Leily L Sanchez
Strategize your Job Search
For many graduating seniors, COVID-19 brings uncertainty for their future in the job market. However, creating a job search strategy can help you stay organized and motivated in your search for your first position.
The goal of building a strategy is to help you keep track of your applications, build quality resumes and cover letters, and define your work expectations to refine your job search. The steps below are synthesized from various conversations I have had with mentors, advisors, and my university career center.
Here’s how to build your strategy:
1. Identify the aspects of your work life that are important to you.
Visualize your future entry-level position. What kind of environment is it? Is it corporate or relaxed? What are the work hours like? What matters most to you: benefits, salary, professional development programs, or a mix? All of these questions and more will help you define your job search and give you more of a sense of what you value not only when you arrive at the interview and negotiation stage.
2. Identify the roles that you want and the roles where you are a qualified candidate.
Sometimes in your job search, you are met with the dreaded “X number of years minimum qualification.” Still, there are times when you can make a case for the skills you possess even if you have not used them on the job. You should reach out to your school’s career advisement center for more information about these circumstances.
If you have a gap in your skills however, you may want to turn to LinkedIn Learning or Coursera to get a certification and learn those skills required.
This step might highlight that there is a gap in your experience and skills right now, but it will give you a sense of what you need to work on for point three in this list.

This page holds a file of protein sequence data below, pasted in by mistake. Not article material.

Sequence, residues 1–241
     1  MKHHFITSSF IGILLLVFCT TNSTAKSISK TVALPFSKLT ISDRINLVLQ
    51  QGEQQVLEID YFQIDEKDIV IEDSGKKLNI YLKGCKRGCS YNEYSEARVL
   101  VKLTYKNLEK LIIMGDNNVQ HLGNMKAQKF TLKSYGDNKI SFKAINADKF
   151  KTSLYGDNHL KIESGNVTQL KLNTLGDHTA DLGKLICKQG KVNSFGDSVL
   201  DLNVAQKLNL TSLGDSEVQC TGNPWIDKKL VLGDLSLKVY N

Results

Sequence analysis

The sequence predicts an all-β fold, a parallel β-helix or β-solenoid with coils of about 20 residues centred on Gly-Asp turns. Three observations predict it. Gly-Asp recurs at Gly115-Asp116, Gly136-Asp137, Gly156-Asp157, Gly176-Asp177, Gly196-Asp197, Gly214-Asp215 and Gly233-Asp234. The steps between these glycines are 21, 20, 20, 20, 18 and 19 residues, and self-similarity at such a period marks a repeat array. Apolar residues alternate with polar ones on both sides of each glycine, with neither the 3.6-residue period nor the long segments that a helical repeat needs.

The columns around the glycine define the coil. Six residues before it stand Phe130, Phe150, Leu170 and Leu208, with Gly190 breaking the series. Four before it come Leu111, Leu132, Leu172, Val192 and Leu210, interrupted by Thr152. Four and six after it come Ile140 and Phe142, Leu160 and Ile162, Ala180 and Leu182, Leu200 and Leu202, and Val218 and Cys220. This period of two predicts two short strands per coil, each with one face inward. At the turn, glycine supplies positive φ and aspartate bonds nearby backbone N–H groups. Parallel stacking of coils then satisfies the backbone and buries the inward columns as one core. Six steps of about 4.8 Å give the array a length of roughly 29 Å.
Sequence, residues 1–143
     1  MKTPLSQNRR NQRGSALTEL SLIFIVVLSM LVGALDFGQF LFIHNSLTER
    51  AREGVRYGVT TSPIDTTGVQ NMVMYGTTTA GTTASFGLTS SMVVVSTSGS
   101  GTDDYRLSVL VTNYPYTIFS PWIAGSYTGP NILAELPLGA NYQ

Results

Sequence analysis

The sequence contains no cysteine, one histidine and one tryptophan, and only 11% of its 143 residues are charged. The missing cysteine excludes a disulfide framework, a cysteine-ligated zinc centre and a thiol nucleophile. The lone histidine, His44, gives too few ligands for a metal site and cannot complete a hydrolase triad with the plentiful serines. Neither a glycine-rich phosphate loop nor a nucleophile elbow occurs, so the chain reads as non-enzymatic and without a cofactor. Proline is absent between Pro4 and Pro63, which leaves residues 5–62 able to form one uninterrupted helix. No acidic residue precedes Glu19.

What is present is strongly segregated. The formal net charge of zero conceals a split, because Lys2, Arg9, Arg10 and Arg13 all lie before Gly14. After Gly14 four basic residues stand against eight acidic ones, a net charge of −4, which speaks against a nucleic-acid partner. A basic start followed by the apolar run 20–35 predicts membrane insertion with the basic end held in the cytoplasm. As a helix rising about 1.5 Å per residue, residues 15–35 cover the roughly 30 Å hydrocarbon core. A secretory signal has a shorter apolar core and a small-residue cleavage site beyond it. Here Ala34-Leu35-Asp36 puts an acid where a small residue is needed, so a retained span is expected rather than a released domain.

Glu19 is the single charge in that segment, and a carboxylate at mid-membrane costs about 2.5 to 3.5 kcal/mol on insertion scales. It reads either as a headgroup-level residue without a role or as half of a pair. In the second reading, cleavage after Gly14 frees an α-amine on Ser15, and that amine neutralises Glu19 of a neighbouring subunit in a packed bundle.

3. Review and learn skills that are relevant to your job title preferences.
Job descriptions are the perfect place to find out what skills recruiters and employers look for in candidates. You can also use this information to start building those skills you already have to potentially build a specialization that you are often seeing in your job search.
4. Polish and edit your job materials using skills and keywords most often found in your job title preferences.
Now that you have identified the skills and keywords that recruiters and employers are looking for, you can use them in all your job materials. This is an important step because recruiting software picks up on those keywords which can bring you that much closer to your desired job! If you don’t have those keywords “in action” on a job or internship, consider adding the certifications from LinkedIn Learning to your resume.
5. Create a spreadsheet to keep track of where, when, and how you apply.
This is an incredibly important aspect of your job search. I created a spreadsheet for my job search that includes the job title, company, job post site, application date, follow-up date, a link to the job description, a link to the cover letter I sent, recruiter contact name and info (if available) and a notes section. This will help you stay organized and help you prepare for the interview you receive a call to schedule one. Below is the job application tracker that I use. Feel free to use it too.
6. Prepare your interview space and practice your interview skills.
Have a game plan ready for your interview space. Figure out if you will need to move some furniture around to get a dull or non-distracting background. This is also a time where you can familiarize yourself with the changes occurring in the interviewing process for your industry. Some positions require technical evaluations, so it is helpful to conduct an informational interview with someone familiar with your desired industry. This person can help you learn more about what the interview process is like now and help you prepare.
Above all, remember to keep a positive attitude and to continue to reach out and build your network. Your network is your strongest asset, now more than ever.